Bad manners with mobiles winds up work colleagues

The majority of UK employees don’t consider the effect their use of mobile devices in the workplace has on colleagues, research reveals.

A survey of more than 5,000 workers, carried out by YouGov and commissioned by T-Mobile, reveals that 61% of respondents admitted to practising bad “mobile manners” such as leaving phones switched on and answering calls in meetings.

Such bad practice is negatively affecting workers, with 17% admitting they are left feeling disrespected or ignored when others practise poor mobile manners.

The majority (87%) of respondents admitted to being irritated when a mobile device rings in a meeting, with 91% feeling angry if the device is answered.

Four out of five office workers (80%) believe it is unacceptable to send or read a text message during a meeting.

However, a little more than one-third (38%) feel that using a laptop during a meeting is unacceptable.

According to the survey, workers want companies to take a role in quashing bad mobile manners, but 55% of respondents said their employer offers no guidance on the appropriate use of mobile devices in the workplace.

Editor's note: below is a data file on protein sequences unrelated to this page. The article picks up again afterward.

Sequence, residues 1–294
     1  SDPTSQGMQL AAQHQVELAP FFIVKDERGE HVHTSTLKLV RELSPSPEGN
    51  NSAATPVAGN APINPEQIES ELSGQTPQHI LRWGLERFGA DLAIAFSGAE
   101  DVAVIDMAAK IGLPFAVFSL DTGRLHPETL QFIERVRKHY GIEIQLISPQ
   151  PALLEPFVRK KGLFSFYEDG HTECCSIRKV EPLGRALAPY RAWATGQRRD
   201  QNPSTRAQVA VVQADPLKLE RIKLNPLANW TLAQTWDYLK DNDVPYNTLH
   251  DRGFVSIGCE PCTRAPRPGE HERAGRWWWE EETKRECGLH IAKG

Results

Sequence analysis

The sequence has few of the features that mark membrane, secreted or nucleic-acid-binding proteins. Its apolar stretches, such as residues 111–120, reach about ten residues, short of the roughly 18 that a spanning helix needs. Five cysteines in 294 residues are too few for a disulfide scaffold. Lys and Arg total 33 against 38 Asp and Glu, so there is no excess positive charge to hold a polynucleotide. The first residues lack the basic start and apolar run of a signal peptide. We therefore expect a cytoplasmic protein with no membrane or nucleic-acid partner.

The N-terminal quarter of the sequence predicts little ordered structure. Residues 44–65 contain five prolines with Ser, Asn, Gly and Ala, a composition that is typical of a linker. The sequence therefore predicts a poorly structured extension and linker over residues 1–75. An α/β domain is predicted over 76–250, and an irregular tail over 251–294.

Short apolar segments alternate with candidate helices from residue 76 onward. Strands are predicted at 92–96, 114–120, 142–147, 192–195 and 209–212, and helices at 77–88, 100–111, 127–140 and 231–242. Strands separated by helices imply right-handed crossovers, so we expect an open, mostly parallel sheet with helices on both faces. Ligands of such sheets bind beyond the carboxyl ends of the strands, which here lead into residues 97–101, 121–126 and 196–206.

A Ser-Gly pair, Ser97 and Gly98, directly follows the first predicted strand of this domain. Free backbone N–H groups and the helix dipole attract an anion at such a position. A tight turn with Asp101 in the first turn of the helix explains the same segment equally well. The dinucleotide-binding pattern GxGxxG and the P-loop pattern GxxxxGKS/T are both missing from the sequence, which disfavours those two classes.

Phil Chapman, marketing director of T-Mobile UK, said: “It is important that individuals consider their mobile behaviour and that collectively we raise etiquette standards to ensure that mobile devices enhance our working lives without impinging on them.”

T-Mobile’s top 10 mobile etiquette tips

  1. Ensure your mobile phone is turned off or on silent mode during meetings

  2. Do not answer calls during meetings

  3. Do not send text messages during meetings

  4. Do not leave your mobile device on the table in vibrate mode

  5. If you are expecting an important call during a meeting, let the participants know at the beginning of the meeting. When you receive the call, discreetly excuse yourself from the room

  6. Ask yourself: “Do I really need my mobile device for the time period of this meeting or can I leave it behind?”

  7. Leave laptops closed during meetings. Only open laptops if resources are needed to support the meeting

  8. Don’t check e-mails on either BlackBerry devices or laptops during meetings. If necessary, turn on ‘out of office’ to alert those e-mailing you that you will be in a meeting and are unable to respond immediately

  9. Remember to take your phone with you if you leave your desk, or turn the phone off or onto silent mode

  10. Ask your employer or HR department to provide a policy on the appropriate use of mobile devices in your workplace.

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